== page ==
The Board should consider the purpose of their financial reserves and what amounts could be used in a worst-case scenario, or for support of unfunded programs and activities.

If it is established that there will be a prolonged period for the business to reestablish the business it is very important to review operating and capital expenditure budgets and any existing commitments, especially with respect to payment timings.

Any contracts, such as rental agreements, should be assessed for possible escalations in payments.

Overall, if there is any financial concern about the ongoing viability of the business all stakeholders should be informed, as appropriate, and the remedial action to be implemented, especially to the Funding Agency and the Auditor, documented. Communication is paramount and “no surprises” is the requirement.

C. Economic “Right-Sizing”:

It is probable that the economic viability of some programs or non-core business functions has become uneconomic whilst the business has been supported by Government Stimulus.

The Management and Board should consider each program’s purpose, client need and how quickly the program revenue will bounce back to cover expenditure. It may well be that it is decided to fund the program/s by Company reserves until revenue increases.

However, those programs which are nice to provide but have no economic future need to be seriously assessed how the costs of the program could impact the economic viability of the business as a whole, and in the provision of core services.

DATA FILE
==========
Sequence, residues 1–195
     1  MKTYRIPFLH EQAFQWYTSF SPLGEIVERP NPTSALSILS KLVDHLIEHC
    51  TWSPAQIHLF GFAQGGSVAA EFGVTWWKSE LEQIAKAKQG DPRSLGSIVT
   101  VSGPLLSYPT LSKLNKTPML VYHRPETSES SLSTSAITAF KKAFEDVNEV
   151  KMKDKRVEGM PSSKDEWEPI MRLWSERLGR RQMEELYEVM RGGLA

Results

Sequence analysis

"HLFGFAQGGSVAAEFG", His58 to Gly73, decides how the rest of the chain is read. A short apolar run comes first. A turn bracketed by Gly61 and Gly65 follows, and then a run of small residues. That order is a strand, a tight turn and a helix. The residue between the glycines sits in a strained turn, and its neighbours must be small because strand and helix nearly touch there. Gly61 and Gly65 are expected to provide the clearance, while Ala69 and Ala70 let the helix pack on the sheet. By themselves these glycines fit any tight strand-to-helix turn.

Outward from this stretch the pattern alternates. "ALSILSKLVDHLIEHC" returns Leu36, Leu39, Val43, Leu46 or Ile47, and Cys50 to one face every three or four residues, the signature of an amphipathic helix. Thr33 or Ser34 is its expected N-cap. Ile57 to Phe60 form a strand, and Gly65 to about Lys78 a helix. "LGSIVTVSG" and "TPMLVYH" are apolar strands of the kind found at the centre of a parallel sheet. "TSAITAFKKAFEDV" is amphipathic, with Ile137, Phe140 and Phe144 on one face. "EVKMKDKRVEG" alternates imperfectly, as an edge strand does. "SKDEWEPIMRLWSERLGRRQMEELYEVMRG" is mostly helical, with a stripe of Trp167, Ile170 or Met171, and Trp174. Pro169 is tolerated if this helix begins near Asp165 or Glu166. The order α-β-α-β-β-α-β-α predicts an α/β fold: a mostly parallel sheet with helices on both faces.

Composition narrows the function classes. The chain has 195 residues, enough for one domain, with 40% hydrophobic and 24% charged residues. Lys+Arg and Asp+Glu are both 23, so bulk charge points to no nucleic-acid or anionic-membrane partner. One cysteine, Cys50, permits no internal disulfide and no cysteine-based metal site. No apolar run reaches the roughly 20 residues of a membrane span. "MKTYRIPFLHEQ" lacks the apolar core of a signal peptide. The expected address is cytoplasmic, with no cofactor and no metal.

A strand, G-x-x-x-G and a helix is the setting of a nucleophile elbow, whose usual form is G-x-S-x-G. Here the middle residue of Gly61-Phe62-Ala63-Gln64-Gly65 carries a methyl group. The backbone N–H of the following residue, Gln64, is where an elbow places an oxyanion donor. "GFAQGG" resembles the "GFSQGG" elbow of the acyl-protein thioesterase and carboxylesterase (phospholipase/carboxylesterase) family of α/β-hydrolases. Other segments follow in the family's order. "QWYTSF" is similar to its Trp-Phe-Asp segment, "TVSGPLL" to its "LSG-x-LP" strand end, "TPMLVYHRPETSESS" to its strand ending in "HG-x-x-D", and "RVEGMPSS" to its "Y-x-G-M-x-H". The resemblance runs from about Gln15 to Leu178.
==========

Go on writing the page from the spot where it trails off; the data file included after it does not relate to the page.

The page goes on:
It is possible that Grant funding may become harder during the next few years as Government and Corporate sources of funds could be inundated by demand for the same or fewer resources, and Grant funds should not be relied upon as core income.

It is a good time to have a serious review of all activities, staffing and operations and to ask the question “is this function really necessary?” Or “does this fit with our purpose and vision?”

Also economic considerations such as the outsourcing of Administration functions like Payroll, Payments, HR may provide economic relief and could be a worthwhile consideration.

One Direct Advisory will be visiting Regional Centres in New South Wales to provide presentations on Financial Management and Outsourcing Administration to Aged and Community Care organisations from March 2022. For further information…

D. Collegiate Relationships:

Should the Board decide that using Reserves is inappropriate, and revenue recovery could be prolonged, then it could be appropriate to seek out organisations with common purpose and culture to work with to ensure the ongoing viability of the organisation.

The underlying criteria must be what is in the best interests of preserving the best service to existing clients, as the main stakeholder.

A collegiate relationship could be achieved by joining a group of like purpose organisations in a “hub” to gain economies of scale with staffing and administration expenditure.